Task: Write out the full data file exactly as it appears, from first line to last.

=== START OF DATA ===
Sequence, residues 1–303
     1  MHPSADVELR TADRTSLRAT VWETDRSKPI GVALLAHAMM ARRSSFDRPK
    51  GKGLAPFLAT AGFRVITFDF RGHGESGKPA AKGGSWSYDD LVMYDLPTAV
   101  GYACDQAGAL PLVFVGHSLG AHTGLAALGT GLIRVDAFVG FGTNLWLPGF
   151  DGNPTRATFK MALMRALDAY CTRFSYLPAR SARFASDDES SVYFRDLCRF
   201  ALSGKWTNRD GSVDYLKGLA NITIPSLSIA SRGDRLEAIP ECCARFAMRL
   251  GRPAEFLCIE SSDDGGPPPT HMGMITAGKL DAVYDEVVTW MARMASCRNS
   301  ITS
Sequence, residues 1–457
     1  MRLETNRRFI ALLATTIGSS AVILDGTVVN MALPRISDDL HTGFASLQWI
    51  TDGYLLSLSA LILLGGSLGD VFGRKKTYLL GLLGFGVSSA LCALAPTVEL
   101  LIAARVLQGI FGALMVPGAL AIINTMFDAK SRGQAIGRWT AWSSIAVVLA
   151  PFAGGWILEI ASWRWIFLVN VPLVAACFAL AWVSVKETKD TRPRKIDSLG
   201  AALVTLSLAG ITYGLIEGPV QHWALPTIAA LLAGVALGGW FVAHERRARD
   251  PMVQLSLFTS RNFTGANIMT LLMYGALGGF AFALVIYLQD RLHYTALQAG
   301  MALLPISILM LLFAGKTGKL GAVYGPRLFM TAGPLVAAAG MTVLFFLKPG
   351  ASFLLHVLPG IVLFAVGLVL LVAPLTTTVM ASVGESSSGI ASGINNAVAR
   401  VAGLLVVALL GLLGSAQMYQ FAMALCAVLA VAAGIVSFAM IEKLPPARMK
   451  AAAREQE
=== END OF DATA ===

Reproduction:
Sequence, residues 1–303
     1  MHPSADVELR TADRTSLRAT VWETDRSKPI GVALLAHAMM ARRSSFDRPK
    51  GKGLAPFLAT AGFRVITFDF RGHGESGKPA AKGGSWSYDD LVMYDLPTAV
   101  GYACDQAGAL PLVFVGHSLG AHTGLAALGT GLIRVDAFVG FGTNLWLPGF
   151  DGNPTRATFK MALMRALDAY CTRFSYLPAR SARFASDDES SVYFRDLCRF
   201  ALSGKWTNRD GSVDYLKGLA NITIPSLSIA SRGDRLEAIP ECCARFAMRL
   251  GRPAEFLCIE SSDDGGPPPT HMGMITAGKL DAVYDEVVTW MARMASCRNS
   301  ITS
Sequence, residues 1–457
     1  MRLETNRRFI ALLATTIGSS AVILDGTVVN MALPRISDDL HTGFASLQWI
    51  TDGYLLSLSA LILLGGSLGD VFGRKKTYLL GLLGFGVSSA LCALAPTVEL
   101  LIAARVLQGI FGALMVPGAL AIINTMFDAK SRGQAIGRWT AWSSIAVVLA
   151  PFAGGWILEI ASWRWIFLVN VPLVAACFAL AWVSVKETKD TRPRKIDSLG
   201  AALVTLSLAG ITYGLIEGPV QHWALPTIAA LLAGVALGGW FVAHERRARD
   251  PMVQLSLFTS RNFTGANIMT LLMYGALGGF AFALVIYLQD RLHYTALQAG
   301  MALLPISILM LLFAGKTGKL GAVYGPRLFM TAGPLVAAAG MTVLFFLKPG
   351  ASFLLHVLPG IVLFAVGLVL LVAPLTTTVM ASVGESSSGI ASGINNAVAR
   401  VAGLLVVALL GLLGSAQMYQ FAMALCAVLA VAAGIVSFAM IEKLPPARMK
   451  AAAREQE